Kansas City, MO
My name is Chris. I was born in Ithaca, NY, and studied biomechanical engineering and engineering physics there at Cornell, before getting my M.Sc. Applied Physics from the TU Delft in the Netherlands.
I have a melancholic personality. This means that I am pretty average in the spheres of coming up with ideas, planning out approaches, or getting stuff done: but I automatically refine things to be better/clearer. Most of the ideas in my answers are therefore carefully crafted, and where they explode in complexity it is usually because I don't know a less-complex way to fully express the point. The short-hand steps in the middle that I use may run over your head. Please feel free to ask me in comments to "dumb down" these sorts of details; and I will do my best.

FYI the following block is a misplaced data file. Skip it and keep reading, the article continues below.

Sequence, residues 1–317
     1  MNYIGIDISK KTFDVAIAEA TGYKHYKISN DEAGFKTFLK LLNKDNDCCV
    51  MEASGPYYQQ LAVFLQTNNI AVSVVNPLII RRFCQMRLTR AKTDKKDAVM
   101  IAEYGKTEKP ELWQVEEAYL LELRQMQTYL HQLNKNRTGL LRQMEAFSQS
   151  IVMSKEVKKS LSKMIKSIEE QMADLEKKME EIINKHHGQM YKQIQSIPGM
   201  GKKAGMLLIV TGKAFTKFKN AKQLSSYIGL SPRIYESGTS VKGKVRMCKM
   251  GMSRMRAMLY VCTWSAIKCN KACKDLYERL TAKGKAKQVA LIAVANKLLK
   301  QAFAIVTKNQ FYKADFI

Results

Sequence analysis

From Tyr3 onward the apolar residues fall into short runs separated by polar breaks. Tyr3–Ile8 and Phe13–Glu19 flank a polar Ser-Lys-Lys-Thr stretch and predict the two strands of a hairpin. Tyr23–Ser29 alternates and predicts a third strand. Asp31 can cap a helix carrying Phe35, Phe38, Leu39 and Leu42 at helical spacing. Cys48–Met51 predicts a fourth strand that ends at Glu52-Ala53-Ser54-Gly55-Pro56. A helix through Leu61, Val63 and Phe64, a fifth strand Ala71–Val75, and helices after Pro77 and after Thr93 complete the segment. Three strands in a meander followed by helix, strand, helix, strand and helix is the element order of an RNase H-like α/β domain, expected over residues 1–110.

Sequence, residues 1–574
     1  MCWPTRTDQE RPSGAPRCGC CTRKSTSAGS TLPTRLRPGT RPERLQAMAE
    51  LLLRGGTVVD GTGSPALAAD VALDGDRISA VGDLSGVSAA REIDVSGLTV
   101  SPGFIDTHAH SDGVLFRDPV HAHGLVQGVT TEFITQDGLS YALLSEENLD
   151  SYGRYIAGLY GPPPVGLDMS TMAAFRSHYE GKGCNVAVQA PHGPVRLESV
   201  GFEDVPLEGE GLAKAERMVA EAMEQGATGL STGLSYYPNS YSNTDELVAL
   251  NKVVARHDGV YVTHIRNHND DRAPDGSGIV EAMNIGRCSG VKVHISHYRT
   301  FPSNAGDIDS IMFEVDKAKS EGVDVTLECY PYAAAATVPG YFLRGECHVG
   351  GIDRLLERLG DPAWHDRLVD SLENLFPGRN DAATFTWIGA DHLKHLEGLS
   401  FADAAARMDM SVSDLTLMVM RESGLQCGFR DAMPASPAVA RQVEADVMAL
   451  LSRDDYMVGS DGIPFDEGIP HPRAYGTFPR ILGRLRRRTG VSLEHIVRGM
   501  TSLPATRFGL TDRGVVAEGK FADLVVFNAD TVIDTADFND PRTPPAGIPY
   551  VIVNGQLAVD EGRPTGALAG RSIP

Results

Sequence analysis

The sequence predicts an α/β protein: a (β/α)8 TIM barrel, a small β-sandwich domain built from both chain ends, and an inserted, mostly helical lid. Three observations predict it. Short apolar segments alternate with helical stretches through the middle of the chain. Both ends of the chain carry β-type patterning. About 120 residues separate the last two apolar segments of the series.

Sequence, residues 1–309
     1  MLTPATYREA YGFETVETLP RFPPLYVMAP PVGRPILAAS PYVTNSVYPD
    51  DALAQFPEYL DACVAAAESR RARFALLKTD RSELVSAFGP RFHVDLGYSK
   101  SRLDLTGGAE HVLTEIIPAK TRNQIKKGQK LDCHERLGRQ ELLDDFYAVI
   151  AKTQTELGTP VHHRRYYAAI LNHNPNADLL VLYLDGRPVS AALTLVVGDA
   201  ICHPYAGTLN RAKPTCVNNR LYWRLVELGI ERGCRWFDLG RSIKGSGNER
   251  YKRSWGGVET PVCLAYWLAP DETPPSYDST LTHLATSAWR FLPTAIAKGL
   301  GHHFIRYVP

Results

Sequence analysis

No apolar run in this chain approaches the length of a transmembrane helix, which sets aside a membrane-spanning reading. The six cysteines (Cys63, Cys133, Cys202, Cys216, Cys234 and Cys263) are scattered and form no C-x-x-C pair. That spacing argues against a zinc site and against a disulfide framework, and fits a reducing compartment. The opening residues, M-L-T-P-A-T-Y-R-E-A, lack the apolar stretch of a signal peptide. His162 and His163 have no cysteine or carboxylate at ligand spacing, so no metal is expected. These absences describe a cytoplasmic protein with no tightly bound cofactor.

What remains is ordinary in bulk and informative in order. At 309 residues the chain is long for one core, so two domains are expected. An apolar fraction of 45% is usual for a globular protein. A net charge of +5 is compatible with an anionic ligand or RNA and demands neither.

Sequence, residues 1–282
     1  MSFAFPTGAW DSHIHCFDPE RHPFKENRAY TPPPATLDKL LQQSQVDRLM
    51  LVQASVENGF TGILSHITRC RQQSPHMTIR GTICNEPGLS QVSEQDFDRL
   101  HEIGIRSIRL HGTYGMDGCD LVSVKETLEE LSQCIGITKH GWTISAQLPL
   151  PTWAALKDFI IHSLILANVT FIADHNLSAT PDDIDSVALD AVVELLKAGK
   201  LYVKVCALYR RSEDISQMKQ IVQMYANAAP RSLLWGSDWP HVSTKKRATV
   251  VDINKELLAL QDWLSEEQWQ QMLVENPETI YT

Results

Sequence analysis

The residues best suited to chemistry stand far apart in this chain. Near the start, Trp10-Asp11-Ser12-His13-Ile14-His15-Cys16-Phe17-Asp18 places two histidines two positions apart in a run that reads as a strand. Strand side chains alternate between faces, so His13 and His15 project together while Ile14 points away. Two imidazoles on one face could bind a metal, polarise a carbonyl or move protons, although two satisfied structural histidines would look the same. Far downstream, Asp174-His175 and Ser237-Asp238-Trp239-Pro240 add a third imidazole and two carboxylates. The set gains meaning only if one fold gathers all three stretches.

So, for example, the work-energy theorem can be worked out, in a limited sense, with plain middle-school algebra: but if you know vectors and calculus, the "differential" form (P = dK/dt) is much easier and clearer to start with, and the work-energy theorem is just the time-integral of that. So I will tend towards the "easy/clear" version: but if you don't know vectors and calculus, you're going to miss out! If you are reading this because that has happened, ask me in comments for the lower-skill-level explanation, and I will try to give you that middle-school algebra version.
(But, for your own good, learn vectors and calculus. It is a tragedy that people try to teach physics without some "0th-year-course" on those topics. In fact college courses seem to reteach the same stuff year after year at all skill levels, just because they don't want to set aside a prerequisite freshman course on the subject to teach it to everyone together.)